This is a very common scenario, especially in the Indian and Asian culture.
Here is the typical example: A son or daughter relocates from India or Asia to the United States. While in the United States, the parents begin to worry that their child may not be able access funds the parents might need if they fall ill. Moreover, the parent does not want to burden the child who is pursuing education or work in the United States. Alternatively, the parents have placed the child on the account in anticipation of a “Future Inheritance.”
As such, the foreign parent or relative places the adult child on the account without informing the child.
U.S. “Status” is Confusing
Obviously, the foreign parent does not consider the child to be a US person, since the child was born in a foreign country and may only be residing in the U.S. temporarily. With that said, the Internal Revenue Service sees it a bit differently.
Specifically, if the child is, or becomes a US citizen, Legal Permanent Resident (Green-Card Holder) or meets the Substantial Presence Test while in the United States on a visa (such as a H-1B, L1, E2, or various other visas), they are considered a US person.
While there are many benefits to becoming a US person, one of the biggest detriments is worldwide income reporting and global taxation. In other words, the United States taxes “US persons” on their worldwide income. In addition, the United States also requires US persons to report their foreign accounts on various forms.
In this type of scenario, the US person may have a reporting requirement in many different types of situations, with the most common being the following:
– A child is placed on the parents account, the foreign account earns income, and the child did not report it on the US tax return;
– The foreign parents purchased a gift such as a house or other investment in the name of the US child;
– The child is receiving gifts or trust distribution from foreign parents;
– The child is placed as an owner on a foreign account
– The child’s name is placed as a cosigner or co-owner on one or various foreign accounts.
U.S. Government Penalties
In order to motivate (read: threaten) “US Persons” to ensure that they are in foreign account reporting and tax compliance with United States, the US government may issue extremely high fines and penalties against the US person. Moreover, depending on the facts and circumstances of your case the IRS could seek to Lien, Levy, or Seize funds/accounts/assets if the person fails to get into compliance. These penalties can reach 100% value of the foreign accounts.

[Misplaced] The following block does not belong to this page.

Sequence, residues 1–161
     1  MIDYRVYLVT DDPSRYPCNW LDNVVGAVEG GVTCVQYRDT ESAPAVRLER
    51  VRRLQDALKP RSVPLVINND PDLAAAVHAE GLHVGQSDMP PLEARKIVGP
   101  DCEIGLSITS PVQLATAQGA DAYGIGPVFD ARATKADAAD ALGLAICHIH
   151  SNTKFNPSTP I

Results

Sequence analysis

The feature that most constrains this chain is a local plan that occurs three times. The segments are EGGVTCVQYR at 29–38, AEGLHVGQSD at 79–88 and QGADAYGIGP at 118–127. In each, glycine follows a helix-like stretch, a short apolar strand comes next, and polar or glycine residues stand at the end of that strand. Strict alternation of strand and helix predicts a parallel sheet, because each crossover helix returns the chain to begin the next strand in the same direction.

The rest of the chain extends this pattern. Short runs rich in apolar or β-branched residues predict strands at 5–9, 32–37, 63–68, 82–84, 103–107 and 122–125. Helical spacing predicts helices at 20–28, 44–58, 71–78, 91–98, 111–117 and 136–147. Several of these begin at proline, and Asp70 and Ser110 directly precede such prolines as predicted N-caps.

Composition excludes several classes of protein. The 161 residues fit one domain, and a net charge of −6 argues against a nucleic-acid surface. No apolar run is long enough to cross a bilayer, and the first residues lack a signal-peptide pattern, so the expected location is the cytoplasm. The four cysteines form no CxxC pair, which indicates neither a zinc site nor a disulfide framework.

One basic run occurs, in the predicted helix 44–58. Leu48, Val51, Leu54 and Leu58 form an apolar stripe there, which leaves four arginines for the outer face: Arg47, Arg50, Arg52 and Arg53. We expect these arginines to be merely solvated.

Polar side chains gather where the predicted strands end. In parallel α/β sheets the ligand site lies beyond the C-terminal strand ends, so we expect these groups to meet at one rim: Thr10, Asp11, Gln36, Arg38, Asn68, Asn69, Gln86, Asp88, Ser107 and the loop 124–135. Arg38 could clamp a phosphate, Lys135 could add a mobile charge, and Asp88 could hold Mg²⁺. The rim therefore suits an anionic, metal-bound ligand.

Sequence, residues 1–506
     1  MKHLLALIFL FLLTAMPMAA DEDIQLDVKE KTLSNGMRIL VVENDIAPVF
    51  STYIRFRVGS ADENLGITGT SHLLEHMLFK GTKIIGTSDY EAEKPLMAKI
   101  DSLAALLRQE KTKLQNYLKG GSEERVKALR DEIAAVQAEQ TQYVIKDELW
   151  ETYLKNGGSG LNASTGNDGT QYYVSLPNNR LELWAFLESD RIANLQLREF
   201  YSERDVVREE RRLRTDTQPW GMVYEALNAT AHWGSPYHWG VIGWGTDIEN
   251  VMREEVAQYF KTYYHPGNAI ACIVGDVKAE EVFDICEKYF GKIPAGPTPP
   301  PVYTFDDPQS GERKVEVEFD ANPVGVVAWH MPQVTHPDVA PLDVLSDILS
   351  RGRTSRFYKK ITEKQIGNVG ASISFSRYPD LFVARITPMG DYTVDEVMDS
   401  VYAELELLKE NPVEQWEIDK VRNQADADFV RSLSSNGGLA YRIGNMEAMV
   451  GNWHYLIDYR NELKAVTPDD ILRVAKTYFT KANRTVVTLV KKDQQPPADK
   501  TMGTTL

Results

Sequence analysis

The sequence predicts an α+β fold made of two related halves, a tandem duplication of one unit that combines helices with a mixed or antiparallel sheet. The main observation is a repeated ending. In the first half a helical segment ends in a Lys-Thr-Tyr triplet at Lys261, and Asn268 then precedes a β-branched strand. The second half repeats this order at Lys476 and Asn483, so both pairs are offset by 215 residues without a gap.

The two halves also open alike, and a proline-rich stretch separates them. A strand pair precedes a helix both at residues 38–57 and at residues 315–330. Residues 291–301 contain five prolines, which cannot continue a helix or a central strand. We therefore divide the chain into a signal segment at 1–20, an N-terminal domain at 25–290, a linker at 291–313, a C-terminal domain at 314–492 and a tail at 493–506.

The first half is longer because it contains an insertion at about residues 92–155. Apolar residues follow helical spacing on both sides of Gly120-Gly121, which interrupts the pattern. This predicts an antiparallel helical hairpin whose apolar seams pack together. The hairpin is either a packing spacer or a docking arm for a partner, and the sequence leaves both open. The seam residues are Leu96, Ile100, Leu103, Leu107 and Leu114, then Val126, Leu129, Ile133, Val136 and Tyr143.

Compliance – Streamlined Program or Reasonable Cause
When a person is out of compliance there are various options for getting them back into compliance. Closing your foreign accounts, removing your names, or relocating to a foreign country does not eliminate the reporting requirement for prior years. The two main options when a person who was non-willful (unintentional) is the streamlined program, or a reasonable cause statement submission.
A summary of the difference between these two options is provided below:
Reasonable Cause vs. Streamlined Disclosure
For some taxpayers who were non-willful in failing to comply with IRS and DOT rules for Reporting Foreign Accounts, Foreign Income, Foreign Assets, and Foreign Property — submitting a Reasonable Cause Statement in lieu of submitting to the Streamlined Disclosure Programs may be a viable option.
I Never Knew About Foreign Reporting Requirements
Chances are that if you are reading this article, you have recently learned about certain IRS international tax compliance laws (FBAR, FATCA, 8938, 3520-A, 5471, 8621, etc.) which are causing you to lose sleep. The IRS, DOT, DOJ and U.S. Government overall has made enforcement of Offshore Tax and Reporting requirements a key enforcement priority.
Not only has Offshore Tax Evasion become a mainstay on the IRS Dirty Dozen Tax Scam list, but with the implementation of FATCA (Foreign Account Tax Compliance Act) and other intentional tax compliance programs, the chances of the U.S. discovering your foreign accounts has increased exponentially.
Golding & Golding, A PLC
We have successfully represented clients in more than 1,000 streamlined and voluntary disclosure submissions nationwide and in over 70-different countries.
We are the “go-to” firm for other Attorneys, CPAs, Enrolled Agents, Accountants, and Financial Professionals across the globe.